What does the future of sustainability and innovation look like?

In our latest podcast, Harry Atkinson, Dr Fakhar Khalid, and Adrian Short from Gebler Tooth discussed the future of sustainability, and how lockdown is impacting the construction industry. As advancements further in the world of construction, we’re seeing a shift in the adoption of technology – with more and more companies choosing to put innovation and sustainability at the core of their business.

Why is sustainability so important?

For the construction industry, sustainability is important. Many of the building resources previously considered renewable, such as forests and freshwater, have become finite. As resources become less available, businesses staying ahead of the curve are planning for increased costs of adapting to climate change and government policy that is becoming increasingly hostile towards excessive CO2 emissions.

In the UK, the construction industry is a major consumer of water resources. Water is used throughout the construction life cycle, from the extraction of raw materials to the manufacturing phase, and during the construction phase. The world is looking for green systems and the efficient use of water is climbing up the sector’s agenda – many construction companies are implementing processes to use water more wisely as part of general efficiency gains such as cleaning-in-place solutions and domestic facilities like aerated taps, audits to identify leaks and poor practices, and using lower quality sources such as rainwater to reduce reliance on the mains.

“We should be partnering with nature, rather than working against it. A regenerative approach means you are a net contributor to the Earth’s resources. Whatever you create, you should be offsetting the negative impact on the environment with positive contributions”

Adrian Short, Gebler Tooth

The Omega Center for Sustainable Living in New York is a building that supplies the entirety of its own energy needs, and has an entirely neutral carbon footprint. The self-sustaining building is heated and cooled using geothermal systems, and utilises photovoltaic power. ‘The Eco Machine’ at the centre’s core, is a natural wastewater treatment system that cleans water by imitating the natural systems of the real world. Wastewater comes into the Eco Machine and is run through various treatment zones where all major forms of life are represented, including fungi, microscopic algae, bacteria, small insects and fishes.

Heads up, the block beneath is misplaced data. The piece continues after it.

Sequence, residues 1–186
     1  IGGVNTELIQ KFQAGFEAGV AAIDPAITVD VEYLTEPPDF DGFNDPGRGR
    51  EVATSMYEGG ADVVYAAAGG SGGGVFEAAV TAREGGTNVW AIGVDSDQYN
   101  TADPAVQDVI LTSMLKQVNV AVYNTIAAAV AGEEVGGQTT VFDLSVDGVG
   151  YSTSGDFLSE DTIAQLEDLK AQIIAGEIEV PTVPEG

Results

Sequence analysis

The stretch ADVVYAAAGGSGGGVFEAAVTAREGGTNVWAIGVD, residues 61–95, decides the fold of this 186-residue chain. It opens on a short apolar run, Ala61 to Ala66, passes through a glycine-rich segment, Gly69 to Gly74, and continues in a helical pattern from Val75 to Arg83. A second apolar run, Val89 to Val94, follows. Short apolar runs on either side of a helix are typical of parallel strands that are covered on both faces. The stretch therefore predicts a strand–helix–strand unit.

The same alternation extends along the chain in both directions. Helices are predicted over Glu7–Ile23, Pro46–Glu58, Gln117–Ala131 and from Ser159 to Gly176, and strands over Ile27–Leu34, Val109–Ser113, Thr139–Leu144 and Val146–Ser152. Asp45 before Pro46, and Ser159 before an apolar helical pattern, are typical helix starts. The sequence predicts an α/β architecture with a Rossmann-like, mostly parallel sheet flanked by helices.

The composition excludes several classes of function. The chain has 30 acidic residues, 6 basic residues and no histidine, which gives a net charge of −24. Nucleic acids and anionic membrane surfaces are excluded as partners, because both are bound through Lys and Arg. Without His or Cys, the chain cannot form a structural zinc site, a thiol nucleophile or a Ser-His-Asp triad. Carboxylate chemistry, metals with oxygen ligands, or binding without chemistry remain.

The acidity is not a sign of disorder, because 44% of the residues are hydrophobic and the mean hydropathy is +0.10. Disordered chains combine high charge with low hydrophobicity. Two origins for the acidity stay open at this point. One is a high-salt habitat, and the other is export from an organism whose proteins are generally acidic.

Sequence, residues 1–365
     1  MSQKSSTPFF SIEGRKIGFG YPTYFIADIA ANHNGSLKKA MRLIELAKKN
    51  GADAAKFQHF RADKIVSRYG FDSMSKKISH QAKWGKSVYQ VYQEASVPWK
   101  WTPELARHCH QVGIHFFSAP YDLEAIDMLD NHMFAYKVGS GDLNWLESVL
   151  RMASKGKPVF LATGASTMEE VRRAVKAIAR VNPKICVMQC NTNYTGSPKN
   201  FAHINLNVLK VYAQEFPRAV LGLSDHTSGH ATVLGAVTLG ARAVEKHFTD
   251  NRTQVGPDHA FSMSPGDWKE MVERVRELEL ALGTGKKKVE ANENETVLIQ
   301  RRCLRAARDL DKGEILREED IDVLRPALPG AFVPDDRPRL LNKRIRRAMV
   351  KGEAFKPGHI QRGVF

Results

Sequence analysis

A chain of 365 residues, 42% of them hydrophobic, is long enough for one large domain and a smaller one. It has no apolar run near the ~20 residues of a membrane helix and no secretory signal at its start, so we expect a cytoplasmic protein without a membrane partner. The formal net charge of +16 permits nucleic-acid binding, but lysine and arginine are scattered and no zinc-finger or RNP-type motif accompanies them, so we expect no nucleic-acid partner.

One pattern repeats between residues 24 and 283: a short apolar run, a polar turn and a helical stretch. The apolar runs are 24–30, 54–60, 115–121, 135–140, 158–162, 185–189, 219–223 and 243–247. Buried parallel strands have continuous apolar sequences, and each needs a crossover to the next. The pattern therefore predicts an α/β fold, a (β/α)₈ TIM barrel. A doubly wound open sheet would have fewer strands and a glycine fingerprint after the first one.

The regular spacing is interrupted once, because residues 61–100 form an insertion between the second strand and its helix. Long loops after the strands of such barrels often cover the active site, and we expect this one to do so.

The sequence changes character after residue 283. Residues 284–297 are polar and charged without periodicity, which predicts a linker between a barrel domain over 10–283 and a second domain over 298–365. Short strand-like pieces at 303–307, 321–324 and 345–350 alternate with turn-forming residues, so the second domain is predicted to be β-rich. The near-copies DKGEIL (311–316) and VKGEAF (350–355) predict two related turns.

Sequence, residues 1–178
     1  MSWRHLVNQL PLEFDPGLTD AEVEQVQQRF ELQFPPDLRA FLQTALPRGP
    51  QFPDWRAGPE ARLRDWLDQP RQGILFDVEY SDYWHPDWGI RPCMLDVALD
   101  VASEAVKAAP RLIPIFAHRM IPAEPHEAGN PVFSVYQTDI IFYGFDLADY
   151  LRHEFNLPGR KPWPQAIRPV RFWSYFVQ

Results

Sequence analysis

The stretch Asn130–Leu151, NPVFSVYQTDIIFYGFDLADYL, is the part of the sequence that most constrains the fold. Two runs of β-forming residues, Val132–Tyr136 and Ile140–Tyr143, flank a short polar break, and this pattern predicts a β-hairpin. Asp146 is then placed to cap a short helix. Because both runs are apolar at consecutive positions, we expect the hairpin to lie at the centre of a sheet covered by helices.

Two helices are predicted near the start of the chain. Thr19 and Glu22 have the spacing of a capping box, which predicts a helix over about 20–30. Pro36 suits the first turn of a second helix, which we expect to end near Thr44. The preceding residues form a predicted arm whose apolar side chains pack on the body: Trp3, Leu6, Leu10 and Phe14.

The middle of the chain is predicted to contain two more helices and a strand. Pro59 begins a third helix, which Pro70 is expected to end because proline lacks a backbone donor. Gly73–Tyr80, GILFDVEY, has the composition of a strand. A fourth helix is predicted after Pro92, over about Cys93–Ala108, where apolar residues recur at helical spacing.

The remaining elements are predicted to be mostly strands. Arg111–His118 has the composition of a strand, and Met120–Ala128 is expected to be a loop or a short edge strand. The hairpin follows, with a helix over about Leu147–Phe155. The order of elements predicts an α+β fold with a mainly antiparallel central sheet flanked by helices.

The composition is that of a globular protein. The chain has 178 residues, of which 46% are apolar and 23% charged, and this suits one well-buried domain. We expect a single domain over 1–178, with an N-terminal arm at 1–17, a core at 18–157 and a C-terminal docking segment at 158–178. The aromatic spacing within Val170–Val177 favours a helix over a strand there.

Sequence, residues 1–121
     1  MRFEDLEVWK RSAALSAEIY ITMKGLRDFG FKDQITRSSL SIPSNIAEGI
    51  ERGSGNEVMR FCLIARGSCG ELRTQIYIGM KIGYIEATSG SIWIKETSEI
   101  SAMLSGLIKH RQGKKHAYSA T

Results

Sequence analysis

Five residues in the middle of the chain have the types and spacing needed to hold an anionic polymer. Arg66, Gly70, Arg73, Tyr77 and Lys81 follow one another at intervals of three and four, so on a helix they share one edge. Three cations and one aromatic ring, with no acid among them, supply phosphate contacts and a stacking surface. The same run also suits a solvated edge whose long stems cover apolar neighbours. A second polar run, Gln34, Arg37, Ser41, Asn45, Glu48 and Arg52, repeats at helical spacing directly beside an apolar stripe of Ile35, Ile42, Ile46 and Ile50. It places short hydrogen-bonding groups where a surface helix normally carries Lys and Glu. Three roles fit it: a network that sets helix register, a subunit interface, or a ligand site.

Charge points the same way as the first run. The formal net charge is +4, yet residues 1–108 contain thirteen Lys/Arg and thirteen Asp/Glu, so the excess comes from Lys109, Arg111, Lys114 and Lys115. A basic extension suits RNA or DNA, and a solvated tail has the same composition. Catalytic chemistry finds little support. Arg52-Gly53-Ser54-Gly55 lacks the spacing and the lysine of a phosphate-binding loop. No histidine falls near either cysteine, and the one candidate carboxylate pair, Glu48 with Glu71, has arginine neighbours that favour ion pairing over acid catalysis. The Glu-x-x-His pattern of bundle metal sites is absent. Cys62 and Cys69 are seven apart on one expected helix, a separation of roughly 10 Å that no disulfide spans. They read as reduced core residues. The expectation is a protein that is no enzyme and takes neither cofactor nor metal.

Industry response to the pandemic

If the construction industry could optimise a culture of collaboration, innovation and sustainability, this pandemic would ultimately have been easier to manage. If remote teams had the best resources to work from the get-go on a virtual project roadmap, and if more innovative solutions to maintain the safety of site staff were adopted, we would probably have seen greater stability.

In these difficult times, however, the construction industry has been given a unique opportunity to begin to consider new ways of working.

With the help of new technologies and the development of construction management software, project managers can do their job with higher precision. BIM systems can integrate with construction management software, making it easier for construction managers to cost and time-estimate their jobs. Although on-site work has reduced severely – or stopped altogether – due to lockdown, some sectors in the AEC industry such as architecture, engineering and project management can still function. Firms are seeking new ways to help limit the impact on productivity caused by reduced functioning on-site.

The pandemic has thrust organisations across the industry into more innovative, and sustainable ways of working. While the trend for remote working has increased in recent years, it has mainly been concentrated in a small number of industries. An extended lockdown period, now affecting hundreds of millions of people globally, has unwittingly forced many enterprises to rethink the way they work – all while staying productive. For instance, designers and engineers are relying even more heavily on digital collaboration tools such as building-information modeling. Leading engineers and contractors are using 3D replicas to assure projects and optimise schedules during lockdown. Integrated digital twin solutions are being developed across sectors to be used end to end, from project concept to maintenance. And employers throughout the UK are turning to online apps for monitoring their employees’ well-being, ordering construction materials, tracking earthworks more accurately and efficiently, and managing cash-flow.

The pandemic could see developments for cutting-edge technology in the industry such as drone tech, communication tools, augmented reality (AR), virtual reality (VR), building information modelling (BIM) and much more. These technologies actively encourage health and safety in the industry whilst helping employees meet social distancing requirements and boosting productivity.

For a more in-depth look at these topics, please listen to our latest podcast available on SoundCloud.

Sensat prides itself on being industry leaders in drone data, quality and accuracy. Through the use of drones, we are able to collect and visualise up-to-date and highly accurate data that is valuable throughout the different design and construction stages of any infrastructure project.

To see Sensat’s drone data quality for yourself, request sample data at data.enquiries@sensat.co. Alternatively, check out our survey data guide to discover when and why to use drone data for your project.

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